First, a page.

On the youths on the bus/mp3 phenomena, isn't this activity also a way of asserting a territorial agenda on public space through the cultural form of urban music? Is this rather anti-social form of 're-publicisation of the private sphere' a 'good thing'? Certainly i would have thought in that sense it was radically different from the flowers at the side of the road phenomenon.

John C

I agree, the flowers allow others to become part of the community. When you look at other countries the markers of remembrance on the side of the road is for all to take stock of their own personal lives and this is usally spiritual. Therefore, there is a triage between the private, public and spiritual that is acted out.

I agree about the music. The worst thing is that there is not enough bass on the speakers making the music tinny sounding. However, I think you are right, there is something about youth culture stamping an identity of the ettiqute of the norm by challenging it. This has always been the case, but the mp3 offers a new genre to the social (or anti-social) act.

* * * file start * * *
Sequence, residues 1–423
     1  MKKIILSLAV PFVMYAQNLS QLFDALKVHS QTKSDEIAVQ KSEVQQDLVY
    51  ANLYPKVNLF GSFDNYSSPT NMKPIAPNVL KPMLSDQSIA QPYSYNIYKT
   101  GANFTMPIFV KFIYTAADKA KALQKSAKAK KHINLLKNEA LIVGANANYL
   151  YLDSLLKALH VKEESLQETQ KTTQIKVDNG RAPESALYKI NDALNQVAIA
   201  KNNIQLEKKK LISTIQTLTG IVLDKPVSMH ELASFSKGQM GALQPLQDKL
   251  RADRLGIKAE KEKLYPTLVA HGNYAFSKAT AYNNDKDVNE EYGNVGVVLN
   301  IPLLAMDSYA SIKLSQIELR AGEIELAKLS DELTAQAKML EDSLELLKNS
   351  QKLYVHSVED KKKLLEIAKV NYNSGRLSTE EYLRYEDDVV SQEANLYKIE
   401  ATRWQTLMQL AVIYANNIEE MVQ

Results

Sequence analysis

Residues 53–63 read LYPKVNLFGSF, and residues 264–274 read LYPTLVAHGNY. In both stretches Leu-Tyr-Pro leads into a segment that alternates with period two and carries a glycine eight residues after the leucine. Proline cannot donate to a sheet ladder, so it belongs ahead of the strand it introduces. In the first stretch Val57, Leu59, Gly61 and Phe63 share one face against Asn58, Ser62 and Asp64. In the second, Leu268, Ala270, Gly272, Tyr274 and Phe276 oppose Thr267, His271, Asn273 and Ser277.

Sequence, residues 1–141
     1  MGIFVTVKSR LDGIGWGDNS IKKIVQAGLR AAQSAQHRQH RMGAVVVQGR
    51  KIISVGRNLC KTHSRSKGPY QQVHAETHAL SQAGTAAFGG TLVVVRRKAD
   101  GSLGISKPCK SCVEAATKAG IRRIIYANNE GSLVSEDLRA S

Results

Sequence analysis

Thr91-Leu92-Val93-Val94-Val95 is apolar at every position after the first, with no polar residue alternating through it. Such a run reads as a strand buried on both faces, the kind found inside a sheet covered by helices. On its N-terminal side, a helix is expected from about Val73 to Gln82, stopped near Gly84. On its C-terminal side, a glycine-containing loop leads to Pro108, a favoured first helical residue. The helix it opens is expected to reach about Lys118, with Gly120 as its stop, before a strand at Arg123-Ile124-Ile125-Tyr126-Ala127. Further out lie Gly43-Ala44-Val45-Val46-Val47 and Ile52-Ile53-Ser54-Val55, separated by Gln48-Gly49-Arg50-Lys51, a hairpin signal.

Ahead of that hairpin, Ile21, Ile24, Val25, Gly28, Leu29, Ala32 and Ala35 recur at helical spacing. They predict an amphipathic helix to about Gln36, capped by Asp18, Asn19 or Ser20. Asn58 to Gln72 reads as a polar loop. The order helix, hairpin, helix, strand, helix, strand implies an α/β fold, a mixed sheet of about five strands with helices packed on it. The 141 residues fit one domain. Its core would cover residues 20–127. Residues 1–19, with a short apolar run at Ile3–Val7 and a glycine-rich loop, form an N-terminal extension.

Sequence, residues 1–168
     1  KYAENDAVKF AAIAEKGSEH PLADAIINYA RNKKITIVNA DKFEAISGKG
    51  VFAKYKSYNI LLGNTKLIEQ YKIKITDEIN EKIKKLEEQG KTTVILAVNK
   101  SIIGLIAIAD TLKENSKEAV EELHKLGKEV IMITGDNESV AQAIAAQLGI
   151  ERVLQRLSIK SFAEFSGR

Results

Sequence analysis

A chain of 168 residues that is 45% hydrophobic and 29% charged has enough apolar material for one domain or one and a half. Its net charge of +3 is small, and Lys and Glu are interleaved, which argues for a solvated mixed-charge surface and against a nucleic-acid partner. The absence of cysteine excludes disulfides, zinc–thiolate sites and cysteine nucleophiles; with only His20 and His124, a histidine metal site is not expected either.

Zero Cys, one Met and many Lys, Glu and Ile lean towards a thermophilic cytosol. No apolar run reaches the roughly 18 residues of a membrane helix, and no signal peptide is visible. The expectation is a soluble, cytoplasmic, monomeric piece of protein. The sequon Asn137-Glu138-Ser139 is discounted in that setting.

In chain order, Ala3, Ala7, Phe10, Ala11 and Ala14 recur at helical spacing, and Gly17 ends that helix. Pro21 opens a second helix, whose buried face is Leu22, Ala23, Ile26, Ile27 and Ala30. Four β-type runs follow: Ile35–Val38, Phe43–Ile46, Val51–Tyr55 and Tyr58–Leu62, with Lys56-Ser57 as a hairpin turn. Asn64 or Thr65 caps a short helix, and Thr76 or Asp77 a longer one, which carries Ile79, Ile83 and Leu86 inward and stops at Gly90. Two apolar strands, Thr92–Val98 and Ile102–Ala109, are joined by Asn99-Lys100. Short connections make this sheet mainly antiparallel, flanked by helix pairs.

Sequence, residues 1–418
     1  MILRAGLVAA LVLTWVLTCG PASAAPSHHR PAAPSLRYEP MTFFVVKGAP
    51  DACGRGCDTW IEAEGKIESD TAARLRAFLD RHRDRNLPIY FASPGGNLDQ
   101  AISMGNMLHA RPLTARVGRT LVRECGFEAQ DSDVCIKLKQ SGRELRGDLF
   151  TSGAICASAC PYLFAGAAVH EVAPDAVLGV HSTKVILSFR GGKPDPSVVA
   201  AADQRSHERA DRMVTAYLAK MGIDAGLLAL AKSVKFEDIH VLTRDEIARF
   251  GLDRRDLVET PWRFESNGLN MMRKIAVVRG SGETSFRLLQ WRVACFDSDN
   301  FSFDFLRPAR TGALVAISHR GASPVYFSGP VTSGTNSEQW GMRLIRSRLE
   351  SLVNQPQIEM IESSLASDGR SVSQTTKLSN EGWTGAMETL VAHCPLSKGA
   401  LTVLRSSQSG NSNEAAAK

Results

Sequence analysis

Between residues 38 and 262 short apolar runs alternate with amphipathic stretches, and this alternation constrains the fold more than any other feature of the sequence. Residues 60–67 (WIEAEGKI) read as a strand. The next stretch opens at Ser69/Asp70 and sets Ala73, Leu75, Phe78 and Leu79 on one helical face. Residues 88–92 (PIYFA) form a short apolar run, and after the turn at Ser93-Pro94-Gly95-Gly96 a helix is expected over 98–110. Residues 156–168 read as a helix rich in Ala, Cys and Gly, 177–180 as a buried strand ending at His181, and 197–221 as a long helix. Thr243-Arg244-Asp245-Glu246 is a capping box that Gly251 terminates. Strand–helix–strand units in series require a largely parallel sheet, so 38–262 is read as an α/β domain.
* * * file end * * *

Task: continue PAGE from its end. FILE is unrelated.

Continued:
The thing I forgot to say was that at one stop a bloke in his early twenties got on the bus. He (forgive the stereotype) looked like a art student with pink hair skateboard cap, baggy jeans with chain and ipod. This was fine, the thing that really made me laugh was that he got on the bus wiith a bowl of cornflakes. Kinda "i am cool - breakfast on the go", bringin the private into the public. I thought that this might work in Hoxton, but outside the Horniman Museum in Forest Hill was taking the piss - mp3 youths anyday....What did he do with the bowl and spoon afterwards?

Phil at work